WOODS: A $25 million dollar project in 2020 is not a $25 million dollar project in 2022. The key to making sure the multi-sports complex gets completed as originally intended, is to make sure our county continues to see the revenue needed to fund its completion. With a proportionate increase in revenue, we can adjust to the increase in total project cost without diminishing the project or overburdening the residents of Lee County. I am committed to making sure our county continues to see that needed revenue so that we do not allow increased construction cost to be used as an excuse to default on the promises made when the bond was approved in 2020.

To ensure we complete each phase without changing the final product, it is imperative to stay well informed on the trends in construction costs and make sure that our RFPs are bringing in companies with competitive pricing. We need to keep a close eye on the market so that we can make informed decisions that could bring our total project cost closer to the original cost. A 1-year delay on Phase 2 could mean the difference between millions when it comes to the cost of building materials. We have qualified individuals managing this project, they just need the support of a commissioner who understands the process and is willing to give them all the needed tools and backing to do what is best in each situation.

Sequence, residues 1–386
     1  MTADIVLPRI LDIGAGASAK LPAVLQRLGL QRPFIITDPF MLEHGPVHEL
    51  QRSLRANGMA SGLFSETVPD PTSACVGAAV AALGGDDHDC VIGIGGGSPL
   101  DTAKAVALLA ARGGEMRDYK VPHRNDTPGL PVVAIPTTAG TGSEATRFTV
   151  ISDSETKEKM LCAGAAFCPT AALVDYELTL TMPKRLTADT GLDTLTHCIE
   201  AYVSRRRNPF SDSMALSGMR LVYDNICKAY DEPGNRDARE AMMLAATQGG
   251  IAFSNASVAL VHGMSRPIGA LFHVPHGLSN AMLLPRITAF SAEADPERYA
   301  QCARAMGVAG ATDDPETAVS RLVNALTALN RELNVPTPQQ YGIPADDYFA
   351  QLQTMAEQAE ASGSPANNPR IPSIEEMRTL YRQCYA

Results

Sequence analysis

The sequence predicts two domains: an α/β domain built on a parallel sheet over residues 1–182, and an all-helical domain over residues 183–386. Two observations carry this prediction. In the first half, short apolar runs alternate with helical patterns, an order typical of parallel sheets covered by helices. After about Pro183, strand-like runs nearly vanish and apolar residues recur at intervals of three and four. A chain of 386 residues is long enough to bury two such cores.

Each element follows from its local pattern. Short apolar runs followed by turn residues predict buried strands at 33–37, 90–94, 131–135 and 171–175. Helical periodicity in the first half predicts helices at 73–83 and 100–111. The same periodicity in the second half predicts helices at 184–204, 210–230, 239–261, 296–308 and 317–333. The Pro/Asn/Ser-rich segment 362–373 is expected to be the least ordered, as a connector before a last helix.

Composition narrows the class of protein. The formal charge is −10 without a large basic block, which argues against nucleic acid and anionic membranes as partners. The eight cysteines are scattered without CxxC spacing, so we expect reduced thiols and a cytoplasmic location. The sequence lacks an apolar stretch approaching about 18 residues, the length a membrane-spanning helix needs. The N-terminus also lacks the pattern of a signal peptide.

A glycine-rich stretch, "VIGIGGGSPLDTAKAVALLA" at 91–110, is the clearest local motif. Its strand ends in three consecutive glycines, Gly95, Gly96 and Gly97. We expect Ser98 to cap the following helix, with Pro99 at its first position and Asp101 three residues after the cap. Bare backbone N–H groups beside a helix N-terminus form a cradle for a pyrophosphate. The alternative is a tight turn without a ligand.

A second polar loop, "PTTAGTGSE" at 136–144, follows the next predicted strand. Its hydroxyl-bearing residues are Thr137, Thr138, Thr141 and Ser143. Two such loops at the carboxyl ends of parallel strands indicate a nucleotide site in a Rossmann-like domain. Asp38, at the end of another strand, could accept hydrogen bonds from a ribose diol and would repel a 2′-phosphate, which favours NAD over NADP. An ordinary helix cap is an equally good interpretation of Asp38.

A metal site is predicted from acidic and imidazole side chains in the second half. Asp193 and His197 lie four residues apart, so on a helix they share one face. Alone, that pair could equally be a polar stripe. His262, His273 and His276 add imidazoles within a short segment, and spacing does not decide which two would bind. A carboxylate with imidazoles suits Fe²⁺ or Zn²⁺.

Confidence in elections has eroded nationwide in recent years, particularly following the outcome of the 2020 presidential election. Will you recognize the outcome of your race in 2022, and if elected, what steps will you take to show the public that Lee County’s election process and election workers can be trusted?

KNECHT: No response.

WOODS: When you deny the outcome of an election, you undermine the entire electoral process, you diminish faith in our elected officials, and you reduce the trust people have in our government on all levels. I vow to accept the outcome of my race with grace. If elected, I will reinforce the trust I have in Lee County’s electoral process and its elected officials by standing fast to the promises I make during my own race. The public understandably mistrusts their officials when they lack transparency and ignore the will of their constituents. I hope by exemplifying what I seek in a representative, someone who listens to the needs of my constituents and prioritizes their concerns, that I can reignite trust in all aspects of Lee County’s government and election process. I will also encourage participation in the election process. Nothing builds trust like volunteering as a poll worker and experiencing it first-hand.